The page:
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I am actually considering not sending a confirmation email. Every maillist message already includes an immediate unsubscribe list, and I thought perhaps to add a small note at the bottom of subscriber's first email, something like

  ---

  You are receiving this email because someone (presumably you) 
  subscribed $(email) to the $(maillist-name). Subscription 
  request was received from a network address of $(ip) on $(date).

  If you did not request this subscription, or would like to be
  removed from the maillist for another reason, visit this link
  to unsubscribe - $(link).
A bit of a mouthful, but essentially this simply piggy-backs the confirmation request on an actual mailing list message. Thoughts?



It's better to use double-opt-in:

1) Enter email on web page.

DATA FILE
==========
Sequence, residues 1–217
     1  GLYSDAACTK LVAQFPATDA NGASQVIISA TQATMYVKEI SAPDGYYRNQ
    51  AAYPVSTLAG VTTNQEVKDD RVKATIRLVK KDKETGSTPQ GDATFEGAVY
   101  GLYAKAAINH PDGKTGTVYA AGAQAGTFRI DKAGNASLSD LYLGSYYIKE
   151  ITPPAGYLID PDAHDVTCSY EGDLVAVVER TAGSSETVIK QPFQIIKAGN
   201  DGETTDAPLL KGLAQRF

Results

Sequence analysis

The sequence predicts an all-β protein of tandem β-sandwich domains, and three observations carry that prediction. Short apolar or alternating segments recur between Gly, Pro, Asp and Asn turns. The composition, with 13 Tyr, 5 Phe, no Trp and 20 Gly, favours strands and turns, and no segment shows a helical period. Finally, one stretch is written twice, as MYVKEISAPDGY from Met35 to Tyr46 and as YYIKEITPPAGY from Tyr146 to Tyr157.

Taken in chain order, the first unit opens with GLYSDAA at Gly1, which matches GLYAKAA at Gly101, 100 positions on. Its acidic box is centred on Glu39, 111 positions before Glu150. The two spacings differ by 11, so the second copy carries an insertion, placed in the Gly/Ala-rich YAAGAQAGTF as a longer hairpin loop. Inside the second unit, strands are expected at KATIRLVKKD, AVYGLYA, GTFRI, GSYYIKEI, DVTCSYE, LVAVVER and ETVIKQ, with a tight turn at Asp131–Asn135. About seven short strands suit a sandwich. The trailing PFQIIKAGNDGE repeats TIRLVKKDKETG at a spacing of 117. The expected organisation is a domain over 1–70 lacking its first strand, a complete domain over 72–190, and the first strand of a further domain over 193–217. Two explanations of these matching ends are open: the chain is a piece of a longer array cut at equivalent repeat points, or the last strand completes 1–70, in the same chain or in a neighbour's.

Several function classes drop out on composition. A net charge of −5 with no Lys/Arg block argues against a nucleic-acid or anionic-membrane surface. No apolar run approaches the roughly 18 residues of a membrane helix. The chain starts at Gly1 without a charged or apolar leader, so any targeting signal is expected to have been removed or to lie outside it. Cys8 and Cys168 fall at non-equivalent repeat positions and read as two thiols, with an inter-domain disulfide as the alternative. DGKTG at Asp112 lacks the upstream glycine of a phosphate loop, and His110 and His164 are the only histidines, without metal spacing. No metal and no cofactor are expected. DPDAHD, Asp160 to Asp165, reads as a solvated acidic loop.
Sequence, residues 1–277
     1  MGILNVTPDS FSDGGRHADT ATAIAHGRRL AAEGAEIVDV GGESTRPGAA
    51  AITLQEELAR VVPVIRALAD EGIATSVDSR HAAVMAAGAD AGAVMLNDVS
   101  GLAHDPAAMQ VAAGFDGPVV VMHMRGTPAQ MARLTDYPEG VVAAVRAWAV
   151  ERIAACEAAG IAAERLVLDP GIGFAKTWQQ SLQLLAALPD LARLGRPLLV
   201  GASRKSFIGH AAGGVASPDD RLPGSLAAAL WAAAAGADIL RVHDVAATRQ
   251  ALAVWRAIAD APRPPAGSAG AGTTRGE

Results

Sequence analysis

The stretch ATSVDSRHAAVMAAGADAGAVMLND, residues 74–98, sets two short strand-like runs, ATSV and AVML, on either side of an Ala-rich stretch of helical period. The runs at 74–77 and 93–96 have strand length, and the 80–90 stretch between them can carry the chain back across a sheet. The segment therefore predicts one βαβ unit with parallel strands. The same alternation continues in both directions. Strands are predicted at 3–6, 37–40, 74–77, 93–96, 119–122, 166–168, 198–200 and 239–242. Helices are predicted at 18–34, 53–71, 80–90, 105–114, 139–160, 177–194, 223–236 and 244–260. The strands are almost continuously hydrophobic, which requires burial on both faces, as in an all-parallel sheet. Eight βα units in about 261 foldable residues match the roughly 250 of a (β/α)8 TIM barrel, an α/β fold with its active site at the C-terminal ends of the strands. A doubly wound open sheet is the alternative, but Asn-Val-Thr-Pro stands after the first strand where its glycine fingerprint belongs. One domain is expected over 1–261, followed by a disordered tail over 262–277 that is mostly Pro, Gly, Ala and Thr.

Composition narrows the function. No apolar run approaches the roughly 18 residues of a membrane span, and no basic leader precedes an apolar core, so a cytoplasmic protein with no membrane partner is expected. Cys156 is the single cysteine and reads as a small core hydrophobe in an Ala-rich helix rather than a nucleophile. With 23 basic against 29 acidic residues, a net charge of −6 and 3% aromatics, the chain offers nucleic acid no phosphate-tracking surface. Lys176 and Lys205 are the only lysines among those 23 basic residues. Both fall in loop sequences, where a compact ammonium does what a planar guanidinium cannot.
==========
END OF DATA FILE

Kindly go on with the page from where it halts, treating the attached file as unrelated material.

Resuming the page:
2) Open confirmation link in email inbox.

If you skip second step - there is a risk that email ends up in spam folder and is constantly delivered there. Another risk - user did not really request your subscription. That would often result in your emails being marked as spam.

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Yeah, I guess the biggest issue is someone plugging in john@acmecorp.com just to test the subscription form, and then actual John getting a maillist message and tagging it as a spam. The question here is if the same John would or would not tag a plain confirmation message as spam too, and I suspect that he would, in which case what I wrote above is no worse than a double-opt-in in edge cases.

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Except that you continue to waste the resources of both acmecorp and yourself by sending mail that no one ever sees.

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Woah... why am I at -1? A knee-jerk reaction of some sort?

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What happens when you need to communicate sensitive information with a customer?

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